Trichogramma evanescens, a biocontrol agent to control apple codling moth in apple orchards – first record from Pakistan

Apple codling moth and apple spider mites are one of most serious pests of different fruits, especially its deleterious effects on apple trees, which poses economic threat to apple production in the region. Codling moth was recorded as the most serious insect pest of the apple industry in Balochistan when the project conducted a baseline survey in…
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When a Hollywood star came to CABI

  The online market place goliath, and newly emerging leader in film and TV programme production, Amazon, visited CABI’s centre in Egham, UK to shoot footage for a new Amazon Prime Original series called This Giant Beast that is the Global Economy. The globe-spanning docuseries brings the smart, stylized storytelling of Adam McKay’s The Big…
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Why a global insect decline affects us all

Insects crucial for ecosystem functioning and food production A comprehensive review of insect declines around the world gives a stark picture of the scale of the declines and the consequences both for ecology and human welfare. The paper, published in Biological Conservation, warns that 40% of the world’s insect species could become extinct within a few…
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Meet the ‘sorcerer’ and her ‘apprentice’ – just two of CABI’s trailblazing female scientists

To mark the UN’s International Day of Women and Girls in Science today (11 February 2019), we take a look at how two generations of female scientists are coming together to tackle non-native invasive weeds and help reduce environmental degradation Meet the ‘sorcerer’ and her ‘apprentice’ Dr Carol Ellison, a plant pathologist at CABI, and…
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“The future for women (in science) is ours to conquer”

To mark the forthcoming UN International Day of Women and Girls in Science (11 February 2019), we speak to some of CABI’s women working in science. In this blog Catherine Mloza Banda, a Development Communications Specialist – Invasive Species Management, reveals the motivation and inspiration behind her career in science communications and says ‘the future for women (in science)…
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“I was and still am motivated by discoveries and surprises that come with science”

  To mark the forthcoming UN International Day of Women and Girls in Science (11 February 2019), we speak to some of CABI’s women working in science. In this blog Lucy Karanja, a Content Manager, reveals the motivation and inspiration behind her career in science communications and says ‘women are all round scientists naturally’.  What motivated…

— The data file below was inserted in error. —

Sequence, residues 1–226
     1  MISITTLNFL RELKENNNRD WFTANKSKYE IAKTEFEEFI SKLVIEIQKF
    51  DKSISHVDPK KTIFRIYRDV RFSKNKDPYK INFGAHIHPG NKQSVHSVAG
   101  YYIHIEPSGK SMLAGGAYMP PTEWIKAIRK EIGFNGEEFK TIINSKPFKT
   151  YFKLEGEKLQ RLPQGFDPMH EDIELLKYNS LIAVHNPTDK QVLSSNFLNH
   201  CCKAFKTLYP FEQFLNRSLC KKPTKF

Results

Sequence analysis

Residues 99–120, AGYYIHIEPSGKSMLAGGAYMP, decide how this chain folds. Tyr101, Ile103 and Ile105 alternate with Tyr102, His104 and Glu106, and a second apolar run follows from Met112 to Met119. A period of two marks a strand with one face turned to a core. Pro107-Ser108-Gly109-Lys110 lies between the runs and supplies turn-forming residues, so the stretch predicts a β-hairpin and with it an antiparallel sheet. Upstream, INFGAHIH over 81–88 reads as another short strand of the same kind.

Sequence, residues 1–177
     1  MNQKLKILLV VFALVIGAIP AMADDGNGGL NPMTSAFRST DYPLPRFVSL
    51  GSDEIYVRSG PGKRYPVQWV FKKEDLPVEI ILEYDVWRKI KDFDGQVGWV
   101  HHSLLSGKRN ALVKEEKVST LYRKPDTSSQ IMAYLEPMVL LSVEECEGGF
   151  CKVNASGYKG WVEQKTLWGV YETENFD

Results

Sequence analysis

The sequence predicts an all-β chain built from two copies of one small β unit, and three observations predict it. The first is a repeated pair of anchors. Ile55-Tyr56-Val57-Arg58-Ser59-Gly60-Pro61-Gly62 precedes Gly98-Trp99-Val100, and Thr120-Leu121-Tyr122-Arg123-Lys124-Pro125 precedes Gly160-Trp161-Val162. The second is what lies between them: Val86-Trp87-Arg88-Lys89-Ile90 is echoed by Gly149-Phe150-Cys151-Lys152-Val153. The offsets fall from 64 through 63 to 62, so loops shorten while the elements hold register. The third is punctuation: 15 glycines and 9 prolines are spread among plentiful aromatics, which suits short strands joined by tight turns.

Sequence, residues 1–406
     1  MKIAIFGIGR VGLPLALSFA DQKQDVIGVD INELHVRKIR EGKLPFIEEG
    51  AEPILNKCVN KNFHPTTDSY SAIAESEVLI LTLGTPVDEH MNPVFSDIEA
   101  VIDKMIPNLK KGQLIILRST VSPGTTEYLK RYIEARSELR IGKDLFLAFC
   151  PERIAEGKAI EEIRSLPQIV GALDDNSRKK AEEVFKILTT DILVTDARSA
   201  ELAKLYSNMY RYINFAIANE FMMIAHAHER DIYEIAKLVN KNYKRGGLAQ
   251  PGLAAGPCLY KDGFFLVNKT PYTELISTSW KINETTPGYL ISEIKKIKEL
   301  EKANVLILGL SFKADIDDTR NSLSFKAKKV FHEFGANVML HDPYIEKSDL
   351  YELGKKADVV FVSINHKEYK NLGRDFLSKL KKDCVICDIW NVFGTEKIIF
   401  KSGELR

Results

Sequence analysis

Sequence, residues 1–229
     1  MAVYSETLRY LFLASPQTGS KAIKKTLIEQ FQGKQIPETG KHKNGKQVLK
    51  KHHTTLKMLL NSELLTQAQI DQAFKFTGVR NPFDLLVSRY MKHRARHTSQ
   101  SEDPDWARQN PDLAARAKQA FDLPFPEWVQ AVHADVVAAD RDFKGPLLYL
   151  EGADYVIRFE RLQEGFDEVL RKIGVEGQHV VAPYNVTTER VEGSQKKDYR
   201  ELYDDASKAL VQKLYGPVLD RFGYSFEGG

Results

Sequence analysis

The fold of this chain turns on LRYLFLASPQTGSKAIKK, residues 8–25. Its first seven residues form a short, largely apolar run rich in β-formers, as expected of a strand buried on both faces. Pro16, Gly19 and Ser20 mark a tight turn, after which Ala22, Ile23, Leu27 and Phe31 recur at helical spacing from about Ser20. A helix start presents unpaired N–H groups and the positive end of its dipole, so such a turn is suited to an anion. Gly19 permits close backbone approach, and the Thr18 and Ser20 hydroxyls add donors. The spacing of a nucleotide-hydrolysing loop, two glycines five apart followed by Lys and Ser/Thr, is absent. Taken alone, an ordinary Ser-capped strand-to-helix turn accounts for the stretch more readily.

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Can a ‘diet’ of digital data really help feed the world?

Last week (29 January 2019) CABI was awarded a $1.49 million grant from the Gates Foundation to work with them to help increase food security in India and Ethiopia through better access to data on soil health, agronomy and fertilizers.  In this blog Communications Manager Wayne Coles looks at whether or not the use of…
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A planetary health diet: kind to your body, animals and the planet

By Jennifer Cole, Royal Holloway, University of London It has long been clear that certain foods and dietary choices are not good for human health, but there is now increasing evidence that they can also be bad for the health of the planet. The recently published Food in the Anthropocene: EAT-Lancet Commission on healthy diets…
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What’s it like doing a PhD with CABI?

In this Q&A article we hear from three PhD students who have collectively spent over 11 years studying at the CABI Switzerland centre in Delémont working with scientists there to improve the monitoring and management of invasive species in Europe and Africa. Find out from Judith Stahl, Benno Augustinus and Theo Linders about what they…
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The twelve pests of Christmas (trees)

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